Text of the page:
Anthony Carter

The High Cost of Being HIV-Positive

Filed By Anthony Carter | May 25, 2011 8:00 AM | comments

Filed in: Living
Tags: financial costs, gay men, health care reform, HIV pill regimen, HIV/AIDS, spending habits

First fact about HIV: It will cost you money and time.
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When there are attempts made to decrease the infection rates, the financial costs are never discussed.

Remember - a smart slut is a safe slut (thanks GS, my favorite Brit). As I mentioned previously, I had to soldier on alone when it was discovered that perhaps I had been exposed to the virus. I got tested the first dozen or so times by myself with no physical or emotional support.

When I moved to California, all of this changed overnight.

I began dating and meeting people who were honest about their status. I began going to clinics and facilities with friends and dates where I literally held hands with them while blood was being drawn and t-cell count was being shared.

HIV is a lifelong partner that will need to be managed and will affect every life decision.

Secondly, it costs money - a whole lot of money - and many missed days of work. Time spent going back and forth to the doctor and having the pressure of daily pill-taking is a great deal to manage even if you have a support network that is kind, loving, and thoughtful.

Nobody ever discusses that this is a most time-consuming and financially draining way to live.

I love the ads that the pharmaceutical companies show with all of the gorgeous perfect men having gorgeous, perfect lives, all via a one-pill-a-day regimen. This is great, if you can afford the once-daily pill. It sends the message that being infected is a glamorous, chic, and very affordable style.

When you are on a regimen that cuts into the funding of the trip to Europe, cable TV, pedicures, gym memberships, facials, and, of course the latest and greatest brought to us via Prada, things look a little different.

By not playing it safe, you risk infection and a lifetime of doctor visits, pills, and possibly some serious health issues and, of course, the psychological upheaval that is a part of the chronic disease architecture.

There have been studies done that show that people would rather get their hair done then pay for condoms that could save their lives. If you want a great deal, contact the 99 cents store, where you can get a box of 12 condoms for a dollar - If that ain't a deal, what is?

I enjoy fine food, theatre, and the movies, and I live for a day of beauty (haircut/shave/pedicure and manicure). While this is not expensive by any means - some of my peeps spend hundreds per month drinking - it would be severely limited if I had to purchase meds and take time off from work, which means I lose money.

No fun.

The smart slut knows that in this world, we are not supposed to want or have everything, and yet this smart slut did figure it out. So can you.

One of the things we have been assigned and gleefully taken on is the worship of all things fabulous and show-stopping. What could possibly be more show-stopping than being sexually responsible and looking great at the same time?

I am not referring here to the latest duds and whatever Madison Avenue has decided to peddle to us. Instead, I am talking about decisions that make great financial sense.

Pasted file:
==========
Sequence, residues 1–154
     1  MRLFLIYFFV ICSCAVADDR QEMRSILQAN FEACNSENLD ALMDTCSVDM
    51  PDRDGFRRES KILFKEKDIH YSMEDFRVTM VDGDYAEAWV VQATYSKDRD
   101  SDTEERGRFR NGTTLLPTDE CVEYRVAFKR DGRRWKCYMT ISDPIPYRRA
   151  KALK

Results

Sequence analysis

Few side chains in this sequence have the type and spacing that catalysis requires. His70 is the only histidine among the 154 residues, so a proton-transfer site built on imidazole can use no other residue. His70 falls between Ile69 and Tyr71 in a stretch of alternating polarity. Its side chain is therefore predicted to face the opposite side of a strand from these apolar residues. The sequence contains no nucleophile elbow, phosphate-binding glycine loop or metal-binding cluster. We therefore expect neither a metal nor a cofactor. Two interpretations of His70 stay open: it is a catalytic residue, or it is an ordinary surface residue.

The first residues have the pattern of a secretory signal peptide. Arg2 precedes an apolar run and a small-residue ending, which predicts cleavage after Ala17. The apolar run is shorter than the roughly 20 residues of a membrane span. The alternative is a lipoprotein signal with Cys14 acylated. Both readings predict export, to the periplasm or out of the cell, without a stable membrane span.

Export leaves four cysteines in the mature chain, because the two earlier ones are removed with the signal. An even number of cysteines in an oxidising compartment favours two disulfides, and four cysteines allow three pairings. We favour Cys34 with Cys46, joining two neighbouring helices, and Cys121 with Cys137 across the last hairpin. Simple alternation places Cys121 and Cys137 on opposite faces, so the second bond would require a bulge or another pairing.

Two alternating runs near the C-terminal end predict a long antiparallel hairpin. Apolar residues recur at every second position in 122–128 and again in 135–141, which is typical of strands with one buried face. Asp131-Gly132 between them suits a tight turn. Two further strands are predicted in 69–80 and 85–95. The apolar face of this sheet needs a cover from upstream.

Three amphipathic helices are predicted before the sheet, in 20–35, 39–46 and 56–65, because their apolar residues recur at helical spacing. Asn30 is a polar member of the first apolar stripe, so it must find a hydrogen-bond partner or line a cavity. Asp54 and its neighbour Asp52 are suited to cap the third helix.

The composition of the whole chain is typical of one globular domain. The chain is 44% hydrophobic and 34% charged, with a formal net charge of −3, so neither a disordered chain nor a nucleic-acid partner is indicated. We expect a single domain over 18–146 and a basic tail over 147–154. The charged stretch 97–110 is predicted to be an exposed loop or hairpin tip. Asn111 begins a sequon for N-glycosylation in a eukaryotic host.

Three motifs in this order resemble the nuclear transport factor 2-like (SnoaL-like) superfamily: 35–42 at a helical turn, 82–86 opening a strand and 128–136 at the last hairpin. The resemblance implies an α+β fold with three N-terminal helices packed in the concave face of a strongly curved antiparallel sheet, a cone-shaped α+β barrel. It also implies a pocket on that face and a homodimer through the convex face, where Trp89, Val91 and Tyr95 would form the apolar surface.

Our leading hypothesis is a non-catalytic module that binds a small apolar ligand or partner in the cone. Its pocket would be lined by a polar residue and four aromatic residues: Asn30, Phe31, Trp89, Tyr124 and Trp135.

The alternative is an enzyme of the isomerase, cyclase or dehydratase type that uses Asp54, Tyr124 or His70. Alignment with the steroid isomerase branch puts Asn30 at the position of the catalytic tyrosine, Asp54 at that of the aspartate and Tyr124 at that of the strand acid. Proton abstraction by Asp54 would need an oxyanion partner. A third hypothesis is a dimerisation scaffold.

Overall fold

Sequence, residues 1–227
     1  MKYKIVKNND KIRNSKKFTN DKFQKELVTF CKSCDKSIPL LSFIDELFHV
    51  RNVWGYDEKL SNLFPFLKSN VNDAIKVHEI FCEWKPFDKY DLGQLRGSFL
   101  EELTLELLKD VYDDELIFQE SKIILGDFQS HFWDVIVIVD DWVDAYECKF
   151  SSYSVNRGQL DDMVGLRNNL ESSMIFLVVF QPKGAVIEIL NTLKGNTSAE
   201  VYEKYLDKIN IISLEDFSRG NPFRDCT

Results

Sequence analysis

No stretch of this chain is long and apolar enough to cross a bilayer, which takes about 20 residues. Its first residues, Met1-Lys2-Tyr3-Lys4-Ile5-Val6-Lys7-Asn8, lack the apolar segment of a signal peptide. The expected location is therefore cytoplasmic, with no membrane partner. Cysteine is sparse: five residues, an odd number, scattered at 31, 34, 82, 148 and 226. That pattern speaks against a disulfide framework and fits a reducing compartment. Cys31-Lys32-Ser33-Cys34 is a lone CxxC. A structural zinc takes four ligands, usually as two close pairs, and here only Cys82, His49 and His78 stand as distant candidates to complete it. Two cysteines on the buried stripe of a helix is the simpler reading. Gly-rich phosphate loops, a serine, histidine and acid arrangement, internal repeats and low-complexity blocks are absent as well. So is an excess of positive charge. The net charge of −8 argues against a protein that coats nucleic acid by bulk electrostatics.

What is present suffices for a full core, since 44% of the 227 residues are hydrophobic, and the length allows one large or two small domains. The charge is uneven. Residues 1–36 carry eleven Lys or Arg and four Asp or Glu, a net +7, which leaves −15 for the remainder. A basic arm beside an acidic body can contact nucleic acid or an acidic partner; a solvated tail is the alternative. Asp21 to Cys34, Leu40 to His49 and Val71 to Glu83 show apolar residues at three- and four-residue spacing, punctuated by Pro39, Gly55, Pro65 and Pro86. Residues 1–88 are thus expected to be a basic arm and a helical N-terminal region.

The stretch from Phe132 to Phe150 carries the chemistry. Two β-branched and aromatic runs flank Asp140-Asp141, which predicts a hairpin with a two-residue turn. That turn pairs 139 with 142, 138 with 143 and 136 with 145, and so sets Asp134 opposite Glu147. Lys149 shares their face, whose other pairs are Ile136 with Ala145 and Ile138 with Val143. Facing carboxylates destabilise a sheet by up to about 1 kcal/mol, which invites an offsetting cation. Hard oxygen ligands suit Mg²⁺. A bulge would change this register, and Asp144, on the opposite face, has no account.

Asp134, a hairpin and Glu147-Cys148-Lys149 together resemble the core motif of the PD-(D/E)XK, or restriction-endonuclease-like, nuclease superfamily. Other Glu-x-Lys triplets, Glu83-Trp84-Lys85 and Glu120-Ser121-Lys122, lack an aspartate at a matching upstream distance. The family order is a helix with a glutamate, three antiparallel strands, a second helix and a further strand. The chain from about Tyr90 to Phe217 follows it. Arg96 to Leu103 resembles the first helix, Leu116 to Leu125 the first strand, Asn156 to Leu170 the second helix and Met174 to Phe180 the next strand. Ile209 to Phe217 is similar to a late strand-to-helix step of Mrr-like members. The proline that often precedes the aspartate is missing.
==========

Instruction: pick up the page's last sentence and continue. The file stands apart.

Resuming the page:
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Thanks for writing this piece, an element which is often overlooked.

I recall when I was first diagnosed, and having just started a new job, how uncomfortable it was to request time off to go to the doctor or for labwork. When it came time to beginning treatment, because I'm prone to some of the adverse medication side-effects, I disclosed to my employer that I needed to take 2 weeks off to begin and adjust to newly prescribed HIV-medications that left me hugging a toilet and sleeping on the bathroom floor. That's when my world changed.

Thanks for this. Even as someone really interested in LGBT rights and the movement overall, I don't have a huge background at all on HIV/AIDS, and it's always nice to learn more. I hear so much about the psychological, physical and emotional stress that HIV/AIDS places on victims, and while that information is incredibly important and worthwhile, I don't hear as much about the economic side of being positive. Thanks.

I've often thought that the "fear tactic" we should be using in our HIV prevention campaigns is the fear of not being able to afford drinks with friends on Saturday night. Imagine, being saddled at a young age with co-pays, doctor appointments and surprise expenses for the rest of your freaking life.

When I think of all the costs I've incurred living with HIV... I could have afforded a much better wardrobe by now! Maybe even a car I wasn't still paying on.

Thanks for sharing this, Anthony.

Thankyou for writing this, Anthony!! As a gay man who has been living POZ for the past 19 years of my life, I can appreciate and relate to where you're coming from. My only hope is that the younger LGBT folk (those who, thanks to advances in treatment .. never had to experience the horror of watching dear friends drop like flies in the early days of the HIV pandemic..) will read this in vast numbers and take the appropriate actions to protect themselves.

Anthony, I think when we first started talking about the subject, it made me realize that MANY people don't fully comprehend the amount of money it costs on keeping up your health. As someone pointed out above, perhaps the scare tactic SHOULD be, "Guess what, gang... you won't be able to party hard with your friends, because you've gotta save money to pay for meds." It baffles me the amount of apathy running rampant in our community. I wish people would understand, a pill doesn't solve the problem, letting you run worry-free through the streets...a pill keeps you stable, and that's not always error-proof.